If you opted to have PGT-A in addition to PGT-M, there are two types of results you can receive: 1) euploid or 2) aneuploid.


“Euploid” indicates that no chromosome abnormalities were identified in the biopsy sample. Euploid embryos have the highest chance of leading to a successful pregnancy and healthy baby. Thus, euploid embryos are the ones prioritized for transfer.


“Aneuploid” indicates that one or more chromosome abnormalities was identified throughout the biopsy sample. Aneuploid embryos are unlikely to result in a successful pregnancy or can lead to miscarriage or the birth of a child with a serious genetic disorder. Thus, the transfer of aneuploid embryos is not recommended.

Though rare, the results of PGT can sometimes be inconclusive. At Genomic Prediction, this risk is <1% for PGT-M and <5% for PGT-A. Inconclusive results can occur due to a variety of reasons, including poor embryo or cell quality, degraded DNA, or technical failure. When this occurs, a re-biopsy of the embryo can be considered, as a second sample returns a conclusive result the vast majority of the time. However, the option of re-biopsy should be discussed in detail with your doctor and/or the IVF lab’s embryologist(s) to determine if it is a recommended procedure.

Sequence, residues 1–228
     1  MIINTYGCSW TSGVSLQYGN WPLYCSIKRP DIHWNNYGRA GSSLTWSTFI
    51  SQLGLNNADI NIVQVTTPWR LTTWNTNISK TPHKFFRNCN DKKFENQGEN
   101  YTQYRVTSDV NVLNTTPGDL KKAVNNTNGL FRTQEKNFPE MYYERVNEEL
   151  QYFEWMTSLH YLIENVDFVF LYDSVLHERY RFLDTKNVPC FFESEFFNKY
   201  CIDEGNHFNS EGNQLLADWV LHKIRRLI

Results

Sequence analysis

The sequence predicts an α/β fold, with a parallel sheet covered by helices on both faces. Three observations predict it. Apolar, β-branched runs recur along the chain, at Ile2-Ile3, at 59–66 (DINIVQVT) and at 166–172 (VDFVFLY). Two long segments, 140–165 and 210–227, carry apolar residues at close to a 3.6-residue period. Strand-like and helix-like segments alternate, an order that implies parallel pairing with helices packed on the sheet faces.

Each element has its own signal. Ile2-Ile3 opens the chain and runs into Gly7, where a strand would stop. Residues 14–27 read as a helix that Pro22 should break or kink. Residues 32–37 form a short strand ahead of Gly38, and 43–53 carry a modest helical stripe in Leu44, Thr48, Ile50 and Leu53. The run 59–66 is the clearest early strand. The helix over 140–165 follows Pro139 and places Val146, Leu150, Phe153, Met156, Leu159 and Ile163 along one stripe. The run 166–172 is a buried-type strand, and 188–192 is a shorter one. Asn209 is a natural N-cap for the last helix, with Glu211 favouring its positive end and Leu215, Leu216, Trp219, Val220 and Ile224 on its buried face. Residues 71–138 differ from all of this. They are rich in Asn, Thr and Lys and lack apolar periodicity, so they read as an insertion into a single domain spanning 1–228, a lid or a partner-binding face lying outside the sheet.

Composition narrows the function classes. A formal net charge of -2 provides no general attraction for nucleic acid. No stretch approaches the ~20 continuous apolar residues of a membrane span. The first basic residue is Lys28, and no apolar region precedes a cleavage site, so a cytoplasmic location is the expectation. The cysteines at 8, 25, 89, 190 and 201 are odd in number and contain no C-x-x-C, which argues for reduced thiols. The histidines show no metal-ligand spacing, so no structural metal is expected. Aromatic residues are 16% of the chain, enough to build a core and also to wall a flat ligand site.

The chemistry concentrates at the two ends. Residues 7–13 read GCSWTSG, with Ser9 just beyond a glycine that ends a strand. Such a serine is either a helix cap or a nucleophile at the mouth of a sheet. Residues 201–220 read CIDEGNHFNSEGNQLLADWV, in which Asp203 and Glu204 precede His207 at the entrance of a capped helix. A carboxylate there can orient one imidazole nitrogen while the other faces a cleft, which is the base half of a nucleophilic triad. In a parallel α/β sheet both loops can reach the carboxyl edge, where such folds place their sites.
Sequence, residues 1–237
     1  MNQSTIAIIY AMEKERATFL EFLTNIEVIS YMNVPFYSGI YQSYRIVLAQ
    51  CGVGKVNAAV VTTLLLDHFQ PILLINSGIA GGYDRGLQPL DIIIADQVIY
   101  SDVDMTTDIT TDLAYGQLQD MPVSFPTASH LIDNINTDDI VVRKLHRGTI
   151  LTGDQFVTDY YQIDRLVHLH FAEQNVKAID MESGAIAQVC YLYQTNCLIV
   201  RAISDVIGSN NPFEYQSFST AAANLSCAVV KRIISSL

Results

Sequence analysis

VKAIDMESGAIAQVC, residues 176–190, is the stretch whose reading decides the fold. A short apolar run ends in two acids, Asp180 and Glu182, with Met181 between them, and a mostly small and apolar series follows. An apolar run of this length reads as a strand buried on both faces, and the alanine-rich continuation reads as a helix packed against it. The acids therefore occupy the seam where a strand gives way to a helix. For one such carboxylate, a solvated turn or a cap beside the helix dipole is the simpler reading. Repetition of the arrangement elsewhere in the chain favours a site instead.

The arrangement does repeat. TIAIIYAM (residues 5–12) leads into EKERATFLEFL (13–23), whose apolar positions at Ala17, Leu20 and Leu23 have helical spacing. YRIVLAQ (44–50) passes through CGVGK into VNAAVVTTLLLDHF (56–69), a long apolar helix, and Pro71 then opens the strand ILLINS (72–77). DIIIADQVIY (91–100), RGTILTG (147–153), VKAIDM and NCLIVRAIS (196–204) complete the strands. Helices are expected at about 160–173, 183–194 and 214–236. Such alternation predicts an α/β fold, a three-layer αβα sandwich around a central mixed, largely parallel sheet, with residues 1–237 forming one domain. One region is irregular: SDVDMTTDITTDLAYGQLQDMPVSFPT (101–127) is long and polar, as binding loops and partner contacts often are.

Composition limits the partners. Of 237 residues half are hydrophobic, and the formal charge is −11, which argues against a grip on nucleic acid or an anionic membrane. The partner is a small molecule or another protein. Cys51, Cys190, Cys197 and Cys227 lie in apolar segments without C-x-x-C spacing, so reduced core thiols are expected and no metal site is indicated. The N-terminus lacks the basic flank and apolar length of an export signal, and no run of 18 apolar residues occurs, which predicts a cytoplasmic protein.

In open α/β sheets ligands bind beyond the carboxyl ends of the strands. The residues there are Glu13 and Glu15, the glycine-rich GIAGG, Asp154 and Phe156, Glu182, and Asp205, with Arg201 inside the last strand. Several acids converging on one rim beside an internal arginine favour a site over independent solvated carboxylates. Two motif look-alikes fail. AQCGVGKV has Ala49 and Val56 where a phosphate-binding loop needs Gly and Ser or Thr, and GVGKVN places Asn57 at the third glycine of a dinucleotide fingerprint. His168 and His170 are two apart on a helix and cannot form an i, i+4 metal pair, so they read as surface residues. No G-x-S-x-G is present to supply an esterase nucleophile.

It is important to note that PGT is not meant to replace standard prenatal care. Should a transfer be successful, you are encouraged to consider any prenatal genetic testing options presented to you by your OB/GYN.